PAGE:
Tesla seeks to build US plant with Chinese battery maker CATL
Tesla Inc. is looking to build a new battery factory in the US and is partnering with Chinese battery maker CATL, an arrangement that could spark controversy in the US, people familiar with the matter said.
Tesla has discussed plans to build a plant involving Ningde Times with the White House in recent days, people familiar with the matter said. Tesla representatives want the White House to clarify provisions in the Inflation Reduction Act that the Biden administration is finalizing this week. Rohan Patel, Tesla's senior global director of public policy, was involved in the discussions.
Tesla hopes to strike a deal similar to Ford's partnership with CATL to build a plant in the US wholly owned by the company. Last month, Ford announced it would use Ningde's technology to build a battery plant in Michigan, USA. Tesla is currently in expansion mode, using its $22 billion in cash to increase production and reduce costs in response to growing competition. Ningde Times, which is key to Tesla's plan, makes lithium iron phosphate batteries, a chemistry that is cheaper than the nickel batteries used in the West.
Tesla is considering building a new battery plant in Texas to supply batteries for an electric car assembly plant there, though the exact location has not been determined, people familiar with the matter said. Similar to Ford's deal structure, Tesla would own and operate the plant while licensing the technology from Ningde Times.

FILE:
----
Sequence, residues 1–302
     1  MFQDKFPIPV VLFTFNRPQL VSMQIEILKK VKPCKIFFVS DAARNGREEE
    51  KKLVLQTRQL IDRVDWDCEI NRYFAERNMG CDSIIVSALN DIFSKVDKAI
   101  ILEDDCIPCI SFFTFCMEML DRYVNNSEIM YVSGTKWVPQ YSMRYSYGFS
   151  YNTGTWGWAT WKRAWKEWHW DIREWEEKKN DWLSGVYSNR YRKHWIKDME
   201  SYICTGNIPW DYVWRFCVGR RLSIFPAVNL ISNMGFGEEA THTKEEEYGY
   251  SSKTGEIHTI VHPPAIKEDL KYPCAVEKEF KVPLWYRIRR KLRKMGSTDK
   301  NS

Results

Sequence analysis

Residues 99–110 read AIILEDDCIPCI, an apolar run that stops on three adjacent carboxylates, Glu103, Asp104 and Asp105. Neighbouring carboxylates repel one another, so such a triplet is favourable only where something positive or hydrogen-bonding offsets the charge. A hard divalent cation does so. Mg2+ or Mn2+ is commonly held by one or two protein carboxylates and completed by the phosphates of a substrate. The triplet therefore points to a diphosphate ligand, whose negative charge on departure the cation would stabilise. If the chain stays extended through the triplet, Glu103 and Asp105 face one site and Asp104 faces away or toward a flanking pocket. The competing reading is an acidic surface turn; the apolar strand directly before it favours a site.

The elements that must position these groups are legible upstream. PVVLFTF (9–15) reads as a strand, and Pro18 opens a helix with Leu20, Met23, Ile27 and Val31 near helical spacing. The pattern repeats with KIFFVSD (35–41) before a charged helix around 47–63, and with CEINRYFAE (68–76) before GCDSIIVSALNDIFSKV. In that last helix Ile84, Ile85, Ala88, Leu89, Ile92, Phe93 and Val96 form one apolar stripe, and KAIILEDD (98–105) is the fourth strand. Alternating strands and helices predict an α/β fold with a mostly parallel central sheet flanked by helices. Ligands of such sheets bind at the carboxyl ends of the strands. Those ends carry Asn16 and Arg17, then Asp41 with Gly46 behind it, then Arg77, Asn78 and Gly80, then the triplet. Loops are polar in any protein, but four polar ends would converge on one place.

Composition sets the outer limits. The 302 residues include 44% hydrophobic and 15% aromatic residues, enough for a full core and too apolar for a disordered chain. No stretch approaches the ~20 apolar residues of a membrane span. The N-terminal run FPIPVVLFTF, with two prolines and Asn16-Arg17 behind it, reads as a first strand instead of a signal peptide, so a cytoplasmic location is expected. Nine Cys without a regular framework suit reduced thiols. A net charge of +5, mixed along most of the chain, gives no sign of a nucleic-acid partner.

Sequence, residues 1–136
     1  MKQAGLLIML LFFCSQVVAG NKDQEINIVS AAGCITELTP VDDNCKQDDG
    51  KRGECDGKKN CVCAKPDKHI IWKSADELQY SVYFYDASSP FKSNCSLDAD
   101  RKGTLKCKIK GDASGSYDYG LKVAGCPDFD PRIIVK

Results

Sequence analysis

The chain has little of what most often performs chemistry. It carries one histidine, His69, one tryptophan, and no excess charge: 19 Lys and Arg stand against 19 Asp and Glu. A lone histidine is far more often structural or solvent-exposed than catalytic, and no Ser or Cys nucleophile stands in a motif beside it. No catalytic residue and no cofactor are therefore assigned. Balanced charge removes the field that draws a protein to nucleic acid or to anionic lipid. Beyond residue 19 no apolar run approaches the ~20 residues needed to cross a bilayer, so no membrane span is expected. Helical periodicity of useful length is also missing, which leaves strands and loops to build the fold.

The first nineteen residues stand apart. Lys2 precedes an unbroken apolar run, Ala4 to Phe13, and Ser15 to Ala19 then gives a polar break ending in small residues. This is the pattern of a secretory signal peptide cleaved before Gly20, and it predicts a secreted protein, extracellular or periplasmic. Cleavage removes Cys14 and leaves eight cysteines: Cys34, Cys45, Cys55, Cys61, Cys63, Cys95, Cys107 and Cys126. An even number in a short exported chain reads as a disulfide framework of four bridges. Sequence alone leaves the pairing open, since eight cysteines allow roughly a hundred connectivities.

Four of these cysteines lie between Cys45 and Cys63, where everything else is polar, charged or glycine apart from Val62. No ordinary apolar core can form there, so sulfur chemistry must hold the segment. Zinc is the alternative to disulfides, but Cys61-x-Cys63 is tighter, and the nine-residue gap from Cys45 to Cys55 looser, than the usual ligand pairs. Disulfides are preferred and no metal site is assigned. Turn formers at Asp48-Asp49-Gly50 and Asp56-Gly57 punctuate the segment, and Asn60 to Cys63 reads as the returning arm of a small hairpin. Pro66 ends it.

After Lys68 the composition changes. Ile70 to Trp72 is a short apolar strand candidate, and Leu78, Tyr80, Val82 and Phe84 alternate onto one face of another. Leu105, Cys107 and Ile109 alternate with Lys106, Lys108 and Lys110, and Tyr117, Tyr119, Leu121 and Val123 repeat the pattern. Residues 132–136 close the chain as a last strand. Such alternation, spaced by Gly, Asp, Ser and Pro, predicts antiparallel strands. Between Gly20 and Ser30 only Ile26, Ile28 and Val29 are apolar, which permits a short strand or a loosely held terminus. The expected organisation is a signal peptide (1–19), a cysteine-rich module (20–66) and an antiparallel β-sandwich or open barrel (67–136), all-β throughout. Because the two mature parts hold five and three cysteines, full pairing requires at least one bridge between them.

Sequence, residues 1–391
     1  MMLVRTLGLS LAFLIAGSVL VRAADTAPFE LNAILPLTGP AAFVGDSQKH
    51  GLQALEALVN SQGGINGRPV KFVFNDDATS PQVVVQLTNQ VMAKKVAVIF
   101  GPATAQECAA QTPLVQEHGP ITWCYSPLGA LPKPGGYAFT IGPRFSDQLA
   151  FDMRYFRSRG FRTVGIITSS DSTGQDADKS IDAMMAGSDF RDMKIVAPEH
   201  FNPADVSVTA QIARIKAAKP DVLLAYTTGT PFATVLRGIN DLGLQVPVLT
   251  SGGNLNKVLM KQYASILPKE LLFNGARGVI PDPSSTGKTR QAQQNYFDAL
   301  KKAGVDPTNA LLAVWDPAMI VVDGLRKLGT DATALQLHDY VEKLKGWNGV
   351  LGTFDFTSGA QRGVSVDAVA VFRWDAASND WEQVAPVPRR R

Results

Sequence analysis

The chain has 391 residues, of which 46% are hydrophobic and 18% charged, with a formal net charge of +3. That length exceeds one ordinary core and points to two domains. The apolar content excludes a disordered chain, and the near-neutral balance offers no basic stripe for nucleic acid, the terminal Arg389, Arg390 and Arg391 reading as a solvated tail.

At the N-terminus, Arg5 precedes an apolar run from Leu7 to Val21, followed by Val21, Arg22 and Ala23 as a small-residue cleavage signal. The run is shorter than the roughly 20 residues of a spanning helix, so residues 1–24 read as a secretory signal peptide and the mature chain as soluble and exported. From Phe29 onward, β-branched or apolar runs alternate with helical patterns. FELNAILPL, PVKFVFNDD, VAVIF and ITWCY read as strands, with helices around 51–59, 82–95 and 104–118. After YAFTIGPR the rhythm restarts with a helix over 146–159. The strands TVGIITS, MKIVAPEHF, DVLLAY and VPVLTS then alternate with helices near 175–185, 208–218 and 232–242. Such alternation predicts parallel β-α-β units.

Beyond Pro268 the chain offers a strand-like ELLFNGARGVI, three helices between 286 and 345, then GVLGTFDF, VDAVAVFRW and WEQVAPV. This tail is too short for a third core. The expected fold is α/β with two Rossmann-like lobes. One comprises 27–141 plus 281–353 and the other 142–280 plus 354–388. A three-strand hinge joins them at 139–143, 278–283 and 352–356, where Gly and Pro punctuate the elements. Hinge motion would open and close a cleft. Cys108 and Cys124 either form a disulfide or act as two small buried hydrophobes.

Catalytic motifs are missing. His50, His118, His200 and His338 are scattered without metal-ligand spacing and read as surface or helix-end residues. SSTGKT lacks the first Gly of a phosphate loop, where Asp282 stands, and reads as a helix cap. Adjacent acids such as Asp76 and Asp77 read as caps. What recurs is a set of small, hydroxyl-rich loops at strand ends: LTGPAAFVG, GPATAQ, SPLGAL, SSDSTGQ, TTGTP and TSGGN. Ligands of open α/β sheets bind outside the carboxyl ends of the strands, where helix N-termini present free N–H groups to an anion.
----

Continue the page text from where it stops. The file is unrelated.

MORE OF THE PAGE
Right now, the US auto industry has been lobbying to influence how the US Treasury Department interprets the requirements in President Biden's signature climate package. The law aims to wean the US off its dependence on Chinese battery materials by incentivizing the US electric vehicle supply chain. One specific provision that has been strongly lobbied for is 30D, which seeks to withhold consumer tax credits for electric vehicles with a certain amount of China-related materials in their batteries.
However, Ford's proposed partnership with Ningde has been opposed by lawmakers including Democratic Sen. Joe Manchin of West Virginia and Republican Sen. Marco Rubio of Florida. They argued that the partnership would allow Ninted to benefit from US subsidies. Ford said Ningde will not receive any US tax money from the deal. Barclays analyst Dan Levy said in a research note that Tesla's deal with Ningde could be met with some political resistance, similar to what Ford has seen.
Tesla, the White House, Ningde Times and Patel have not yet commented.